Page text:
Dynamic nature of excited states of donor–acceptor TADF materials for OLEDs: how theory can reveal structure–property relationships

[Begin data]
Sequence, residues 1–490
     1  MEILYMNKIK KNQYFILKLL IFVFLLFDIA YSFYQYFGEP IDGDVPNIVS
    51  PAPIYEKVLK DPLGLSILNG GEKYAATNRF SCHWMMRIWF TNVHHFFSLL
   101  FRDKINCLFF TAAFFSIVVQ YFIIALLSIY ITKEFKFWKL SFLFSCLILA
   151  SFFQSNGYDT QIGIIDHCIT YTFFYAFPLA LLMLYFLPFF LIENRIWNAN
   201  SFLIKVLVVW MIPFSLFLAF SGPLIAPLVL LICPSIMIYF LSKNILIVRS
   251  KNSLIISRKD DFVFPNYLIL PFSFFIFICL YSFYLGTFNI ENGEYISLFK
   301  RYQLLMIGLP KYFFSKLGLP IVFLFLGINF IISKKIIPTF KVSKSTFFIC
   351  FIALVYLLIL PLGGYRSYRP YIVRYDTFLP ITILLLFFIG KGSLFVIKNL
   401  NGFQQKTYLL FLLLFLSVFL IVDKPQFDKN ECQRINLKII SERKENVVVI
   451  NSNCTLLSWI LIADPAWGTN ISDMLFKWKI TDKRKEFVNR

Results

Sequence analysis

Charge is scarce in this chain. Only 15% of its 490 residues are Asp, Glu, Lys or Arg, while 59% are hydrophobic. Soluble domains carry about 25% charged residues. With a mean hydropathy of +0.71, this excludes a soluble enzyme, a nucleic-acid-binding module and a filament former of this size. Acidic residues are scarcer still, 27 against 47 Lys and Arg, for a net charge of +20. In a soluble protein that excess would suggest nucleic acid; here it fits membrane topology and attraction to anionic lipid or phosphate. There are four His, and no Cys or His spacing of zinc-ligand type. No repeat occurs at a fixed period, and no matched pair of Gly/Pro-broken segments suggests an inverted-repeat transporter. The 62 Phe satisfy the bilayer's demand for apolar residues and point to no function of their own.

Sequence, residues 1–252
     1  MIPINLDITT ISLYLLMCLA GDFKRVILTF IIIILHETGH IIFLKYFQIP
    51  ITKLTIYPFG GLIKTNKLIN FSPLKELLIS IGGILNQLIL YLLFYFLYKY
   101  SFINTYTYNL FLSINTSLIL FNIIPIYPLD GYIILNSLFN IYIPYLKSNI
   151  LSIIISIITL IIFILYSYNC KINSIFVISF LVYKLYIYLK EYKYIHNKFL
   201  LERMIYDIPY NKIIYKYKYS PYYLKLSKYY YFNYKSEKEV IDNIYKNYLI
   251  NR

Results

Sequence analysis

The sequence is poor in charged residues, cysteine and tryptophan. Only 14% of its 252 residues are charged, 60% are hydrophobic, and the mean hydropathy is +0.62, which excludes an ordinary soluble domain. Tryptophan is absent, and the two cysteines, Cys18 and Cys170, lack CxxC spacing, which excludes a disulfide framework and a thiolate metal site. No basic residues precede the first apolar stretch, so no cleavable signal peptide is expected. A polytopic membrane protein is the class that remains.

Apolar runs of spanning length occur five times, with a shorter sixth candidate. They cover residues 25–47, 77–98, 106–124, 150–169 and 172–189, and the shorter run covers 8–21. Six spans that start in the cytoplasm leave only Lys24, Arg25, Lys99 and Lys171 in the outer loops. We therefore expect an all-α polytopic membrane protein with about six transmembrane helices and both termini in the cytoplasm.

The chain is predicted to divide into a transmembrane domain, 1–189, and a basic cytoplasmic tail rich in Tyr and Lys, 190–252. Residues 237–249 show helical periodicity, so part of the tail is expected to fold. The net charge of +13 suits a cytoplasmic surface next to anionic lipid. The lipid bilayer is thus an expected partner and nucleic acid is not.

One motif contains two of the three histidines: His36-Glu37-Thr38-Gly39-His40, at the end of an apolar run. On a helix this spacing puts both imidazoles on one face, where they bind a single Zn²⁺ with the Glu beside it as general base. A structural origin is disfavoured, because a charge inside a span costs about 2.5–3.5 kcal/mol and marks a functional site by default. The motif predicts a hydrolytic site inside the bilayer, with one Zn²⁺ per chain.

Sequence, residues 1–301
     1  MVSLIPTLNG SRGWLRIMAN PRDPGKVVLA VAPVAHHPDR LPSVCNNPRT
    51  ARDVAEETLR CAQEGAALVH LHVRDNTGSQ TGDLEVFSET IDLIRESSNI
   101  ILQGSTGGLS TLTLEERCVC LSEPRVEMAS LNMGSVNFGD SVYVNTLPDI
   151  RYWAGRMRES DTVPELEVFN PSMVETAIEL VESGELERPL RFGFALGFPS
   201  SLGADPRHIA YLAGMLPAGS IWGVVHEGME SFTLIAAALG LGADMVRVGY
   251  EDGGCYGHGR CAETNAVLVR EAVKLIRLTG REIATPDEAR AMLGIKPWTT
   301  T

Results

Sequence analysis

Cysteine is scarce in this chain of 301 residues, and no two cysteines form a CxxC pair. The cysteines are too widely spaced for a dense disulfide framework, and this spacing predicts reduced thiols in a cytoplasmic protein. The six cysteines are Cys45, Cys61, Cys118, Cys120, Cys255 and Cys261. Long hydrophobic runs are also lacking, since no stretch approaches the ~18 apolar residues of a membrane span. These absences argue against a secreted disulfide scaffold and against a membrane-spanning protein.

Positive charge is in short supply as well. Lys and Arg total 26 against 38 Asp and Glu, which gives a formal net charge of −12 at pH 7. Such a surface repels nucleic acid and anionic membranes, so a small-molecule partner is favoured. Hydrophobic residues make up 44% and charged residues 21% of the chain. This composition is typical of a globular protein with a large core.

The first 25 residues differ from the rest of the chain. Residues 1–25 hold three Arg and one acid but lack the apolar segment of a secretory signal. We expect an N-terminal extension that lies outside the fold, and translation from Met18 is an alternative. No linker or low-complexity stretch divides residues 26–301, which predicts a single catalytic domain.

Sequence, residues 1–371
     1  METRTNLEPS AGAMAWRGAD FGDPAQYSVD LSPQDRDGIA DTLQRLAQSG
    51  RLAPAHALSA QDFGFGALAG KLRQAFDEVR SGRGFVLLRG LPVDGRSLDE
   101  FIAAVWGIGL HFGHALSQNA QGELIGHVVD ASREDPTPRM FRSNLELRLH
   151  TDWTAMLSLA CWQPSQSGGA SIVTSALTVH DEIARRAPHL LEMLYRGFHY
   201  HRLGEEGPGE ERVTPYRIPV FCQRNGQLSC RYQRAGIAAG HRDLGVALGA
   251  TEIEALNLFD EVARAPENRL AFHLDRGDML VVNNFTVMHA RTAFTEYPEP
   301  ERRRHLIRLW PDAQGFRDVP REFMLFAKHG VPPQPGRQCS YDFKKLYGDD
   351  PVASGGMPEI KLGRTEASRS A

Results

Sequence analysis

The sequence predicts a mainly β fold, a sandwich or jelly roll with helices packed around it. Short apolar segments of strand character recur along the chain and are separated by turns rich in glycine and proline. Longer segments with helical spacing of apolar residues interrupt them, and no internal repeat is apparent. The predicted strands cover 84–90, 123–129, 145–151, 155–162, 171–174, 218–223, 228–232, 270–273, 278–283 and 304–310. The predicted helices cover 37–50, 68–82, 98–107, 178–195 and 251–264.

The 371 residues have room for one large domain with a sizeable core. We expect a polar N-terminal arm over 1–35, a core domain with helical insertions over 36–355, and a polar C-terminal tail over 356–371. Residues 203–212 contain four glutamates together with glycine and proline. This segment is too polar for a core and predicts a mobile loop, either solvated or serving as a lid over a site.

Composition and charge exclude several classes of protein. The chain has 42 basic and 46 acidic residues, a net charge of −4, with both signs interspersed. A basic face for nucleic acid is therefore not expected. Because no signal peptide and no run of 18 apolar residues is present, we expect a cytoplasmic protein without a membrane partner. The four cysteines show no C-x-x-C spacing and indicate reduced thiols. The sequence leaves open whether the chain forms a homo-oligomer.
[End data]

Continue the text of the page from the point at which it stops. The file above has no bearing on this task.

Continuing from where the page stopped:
Spin statistics greatly limits the efficiency of OLEDs, which might be largely improved upon conversion of triplet into singlet-excited (and thus light-emitting) states via a Thermally Activated Delayed Fluorescence (TADF) process. We theoretically investigate here the combination of some real-life donor (D) and acceptor (A) moieties with the connectivity D–A and D–A–D. We selected phenoxazine (PXZ) and phenylthiazine (PTZ) as electron-donating groups, and 2,5-diphenyl-1,3,4-oxadiazole (OXD), 3,4,5-triphenyl-4H-1,2,4-triazole (TAZ), and 2,5-diphenyl-1,3,4-thiadiazole (TDZ) as their electron-accepting partners. The systematic Tamm–Dancoff Approximation-Density Functional Theory calculations performed allowed us to calculate accurately not only the energy levels of low-lying singlet and triplet-excited states, but also to characterize their Charge-Transfer (CT) or Locally Excited (LE) nature, since the energy difference and the coupling between the 3CT, 3LE, and 1CT states become key to understanding the molecular mechanism involved in this process. We have also studied the role played by the conformational landscape, arising from the thermally accessible range of D–A(–D) torsion angles, in the singlet–triplet energy gap as well as its influence on oscillator strengths. Overall, we rationalize the origin of the higher efficiencies found in real devices for D–A–D molecules, disclosing the underlying structure–property relationships and thus anticipating successful design strategies.